Microsoft is planning to launch their Xbox Live service on IOS, Android, and Nintendo Switch.
Don’t adjust your monitors; you read that right. Microsoft is looking to expand their reach and offer their online service across multiple platforms with a new software development kit, according to Windows Central. The official announcement is planned for sometime next month at GDC 2019 and even appeared on the conference’s schedule, but that has been taken down.
In reality, this is just the next step in what appears to be an incremental plan for Microsoft. Xbox Live is already featured in a few titles, most notably Minecraft, which needs an Xbox Live login for the Switch and mobile devices. This new kit will allow even more versatility for developers. Instead of sharing a login, things like multiplayer, cross-platform achievements, and even social aspects of games can be integrated using Xbox Live, giving a good, and reliable, infrastructure to work off of. While this is a strange move for Microsoft at first glance, it seems to be the direction the company has been trending towards. The Xbox brand has been championing cross-platform play in one form or another for years now, and this doesn’t seem too far off-course.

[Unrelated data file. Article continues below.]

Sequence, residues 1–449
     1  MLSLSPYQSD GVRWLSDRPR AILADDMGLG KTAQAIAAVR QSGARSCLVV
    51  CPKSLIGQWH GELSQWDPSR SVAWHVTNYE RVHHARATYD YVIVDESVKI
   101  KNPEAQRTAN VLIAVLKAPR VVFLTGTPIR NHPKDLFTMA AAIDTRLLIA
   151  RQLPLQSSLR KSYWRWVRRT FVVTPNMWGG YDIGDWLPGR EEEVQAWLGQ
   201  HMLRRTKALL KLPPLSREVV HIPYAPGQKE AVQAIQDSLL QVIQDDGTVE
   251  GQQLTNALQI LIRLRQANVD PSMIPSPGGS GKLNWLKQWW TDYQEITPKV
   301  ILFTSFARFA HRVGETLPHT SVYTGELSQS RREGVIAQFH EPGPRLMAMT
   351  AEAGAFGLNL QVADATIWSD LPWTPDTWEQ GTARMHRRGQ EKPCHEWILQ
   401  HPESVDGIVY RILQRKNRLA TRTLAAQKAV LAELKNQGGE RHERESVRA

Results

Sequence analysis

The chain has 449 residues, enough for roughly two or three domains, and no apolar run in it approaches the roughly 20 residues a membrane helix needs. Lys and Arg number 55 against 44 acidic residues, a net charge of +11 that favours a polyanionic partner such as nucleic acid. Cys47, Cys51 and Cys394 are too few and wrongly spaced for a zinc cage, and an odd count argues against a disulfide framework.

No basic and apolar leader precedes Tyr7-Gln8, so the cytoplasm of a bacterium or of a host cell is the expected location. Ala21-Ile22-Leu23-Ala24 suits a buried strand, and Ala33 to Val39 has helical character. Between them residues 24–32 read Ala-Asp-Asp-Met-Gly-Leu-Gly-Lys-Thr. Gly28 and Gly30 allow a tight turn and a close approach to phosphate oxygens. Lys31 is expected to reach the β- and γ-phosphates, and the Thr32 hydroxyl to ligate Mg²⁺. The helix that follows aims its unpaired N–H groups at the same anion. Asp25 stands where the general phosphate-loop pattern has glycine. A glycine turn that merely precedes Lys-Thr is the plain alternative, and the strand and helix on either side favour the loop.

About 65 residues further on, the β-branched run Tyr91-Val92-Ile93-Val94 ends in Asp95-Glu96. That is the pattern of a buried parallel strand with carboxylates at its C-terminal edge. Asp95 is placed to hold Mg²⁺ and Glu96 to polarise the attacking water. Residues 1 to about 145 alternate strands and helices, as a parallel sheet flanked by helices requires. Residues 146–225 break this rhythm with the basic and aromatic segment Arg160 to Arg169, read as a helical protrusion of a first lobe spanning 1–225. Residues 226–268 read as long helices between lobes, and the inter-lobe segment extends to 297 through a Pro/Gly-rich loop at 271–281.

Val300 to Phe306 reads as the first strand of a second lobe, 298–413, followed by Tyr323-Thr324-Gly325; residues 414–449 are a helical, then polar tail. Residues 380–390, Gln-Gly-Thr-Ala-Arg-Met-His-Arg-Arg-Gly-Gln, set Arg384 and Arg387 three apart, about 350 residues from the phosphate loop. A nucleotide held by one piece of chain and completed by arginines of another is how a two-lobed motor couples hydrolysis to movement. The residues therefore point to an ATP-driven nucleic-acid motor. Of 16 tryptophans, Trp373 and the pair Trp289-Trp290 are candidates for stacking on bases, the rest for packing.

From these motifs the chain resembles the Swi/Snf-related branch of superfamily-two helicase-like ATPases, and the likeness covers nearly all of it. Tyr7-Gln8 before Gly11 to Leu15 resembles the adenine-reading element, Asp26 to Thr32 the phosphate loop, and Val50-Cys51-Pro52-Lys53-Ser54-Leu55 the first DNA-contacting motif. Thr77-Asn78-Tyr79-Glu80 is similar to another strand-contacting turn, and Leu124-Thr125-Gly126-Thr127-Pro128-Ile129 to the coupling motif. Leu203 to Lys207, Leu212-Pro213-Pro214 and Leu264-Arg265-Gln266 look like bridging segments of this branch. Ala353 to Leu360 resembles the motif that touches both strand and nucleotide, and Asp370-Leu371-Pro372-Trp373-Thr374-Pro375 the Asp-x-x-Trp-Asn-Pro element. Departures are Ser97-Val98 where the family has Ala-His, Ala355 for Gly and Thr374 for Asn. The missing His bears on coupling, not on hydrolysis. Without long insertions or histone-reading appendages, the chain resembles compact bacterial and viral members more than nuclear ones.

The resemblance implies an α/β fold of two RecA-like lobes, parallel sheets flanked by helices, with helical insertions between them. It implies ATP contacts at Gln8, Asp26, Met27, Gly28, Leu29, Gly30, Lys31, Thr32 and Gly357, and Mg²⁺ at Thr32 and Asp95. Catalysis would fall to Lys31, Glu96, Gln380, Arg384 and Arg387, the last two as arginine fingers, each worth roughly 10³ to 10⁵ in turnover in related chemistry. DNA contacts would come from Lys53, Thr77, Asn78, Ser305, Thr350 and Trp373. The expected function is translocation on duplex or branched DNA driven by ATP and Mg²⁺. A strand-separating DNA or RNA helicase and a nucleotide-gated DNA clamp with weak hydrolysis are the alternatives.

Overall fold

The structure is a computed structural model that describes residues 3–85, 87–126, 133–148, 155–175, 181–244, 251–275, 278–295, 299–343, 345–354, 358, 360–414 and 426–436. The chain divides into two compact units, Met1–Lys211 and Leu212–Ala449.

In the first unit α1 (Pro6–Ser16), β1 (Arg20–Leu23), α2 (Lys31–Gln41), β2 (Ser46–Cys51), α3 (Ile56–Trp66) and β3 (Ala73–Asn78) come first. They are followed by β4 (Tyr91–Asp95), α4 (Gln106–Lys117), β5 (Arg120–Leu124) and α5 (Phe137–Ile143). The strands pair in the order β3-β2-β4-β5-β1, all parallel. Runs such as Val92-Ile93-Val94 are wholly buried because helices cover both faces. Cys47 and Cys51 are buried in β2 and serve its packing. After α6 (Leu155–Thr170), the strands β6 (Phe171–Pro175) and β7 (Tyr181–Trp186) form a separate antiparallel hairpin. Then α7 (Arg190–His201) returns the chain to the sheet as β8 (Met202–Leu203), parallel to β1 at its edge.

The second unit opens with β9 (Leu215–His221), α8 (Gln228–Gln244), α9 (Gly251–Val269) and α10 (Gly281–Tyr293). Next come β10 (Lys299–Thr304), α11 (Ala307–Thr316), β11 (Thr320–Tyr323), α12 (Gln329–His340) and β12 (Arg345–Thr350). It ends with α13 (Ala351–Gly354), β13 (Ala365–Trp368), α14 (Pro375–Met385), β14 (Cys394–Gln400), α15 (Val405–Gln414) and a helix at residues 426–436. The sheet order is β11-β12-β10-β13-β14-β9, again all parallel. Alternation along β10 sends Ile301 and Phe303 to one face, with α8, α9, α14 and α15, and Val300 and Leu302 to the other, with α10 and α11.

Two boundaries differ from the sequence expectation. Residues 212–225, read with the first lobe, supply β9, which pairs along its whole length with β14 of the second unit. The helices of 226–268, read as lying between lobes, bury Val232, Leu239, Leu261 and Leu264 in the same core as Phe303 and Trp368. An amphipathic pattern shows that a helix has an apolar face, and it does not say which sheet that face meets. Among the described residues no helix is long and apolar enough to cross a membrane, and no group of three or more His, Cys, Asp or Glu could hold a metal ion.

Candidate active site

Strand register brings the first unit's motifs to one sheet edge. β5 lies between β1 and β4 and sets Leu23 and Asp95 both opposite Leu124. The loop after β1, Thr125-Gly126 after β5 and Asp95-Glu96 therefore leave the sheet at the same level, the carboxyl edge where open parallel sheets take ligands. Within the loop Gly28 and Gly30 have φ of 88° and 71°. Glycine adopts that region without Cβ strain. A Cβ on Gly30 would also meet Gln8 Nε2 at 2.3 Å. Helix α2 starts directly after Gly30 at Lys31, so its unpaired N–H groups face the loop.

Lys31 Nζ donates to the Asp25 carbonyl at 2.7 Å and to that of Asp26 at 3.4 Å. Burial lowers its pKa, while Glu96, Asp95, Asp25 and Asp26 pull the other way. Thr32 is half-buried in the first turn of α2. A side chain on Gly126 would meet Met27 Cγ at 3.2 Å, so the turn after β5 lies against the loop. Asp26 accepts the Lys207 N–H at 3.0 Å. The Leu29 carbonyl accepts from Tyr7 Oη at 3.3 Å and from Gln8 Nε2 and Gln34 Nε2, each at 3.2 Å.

For Nintendo, this will be a huge win. The house of Mario has struggled in the online department, so allowing of some kind of outside help makes a lot of sense. Their online service has been met with a lot of disappointment, so allowing something like Xbox Live to run on their consoles could keep players happy. There’s no word on whether or not Nintendo will adopt the service for first-party titles, but this is great news for third-party support.
As for bringing the service to mobile, this is probably a smart move for Microsoft as well. There’s a massive user base across both Android and IOS, and while there is still a stigma surrounding “cell phone gaming”, that seems to be a thing of the past as devices become more sophisticated and developers have been finding more success launching successful titles to the platforms.
Overall, this is a bold move for Microsoft, but it might make a lot of sense. We’ll just have to wait until GDC to see how it all plays out.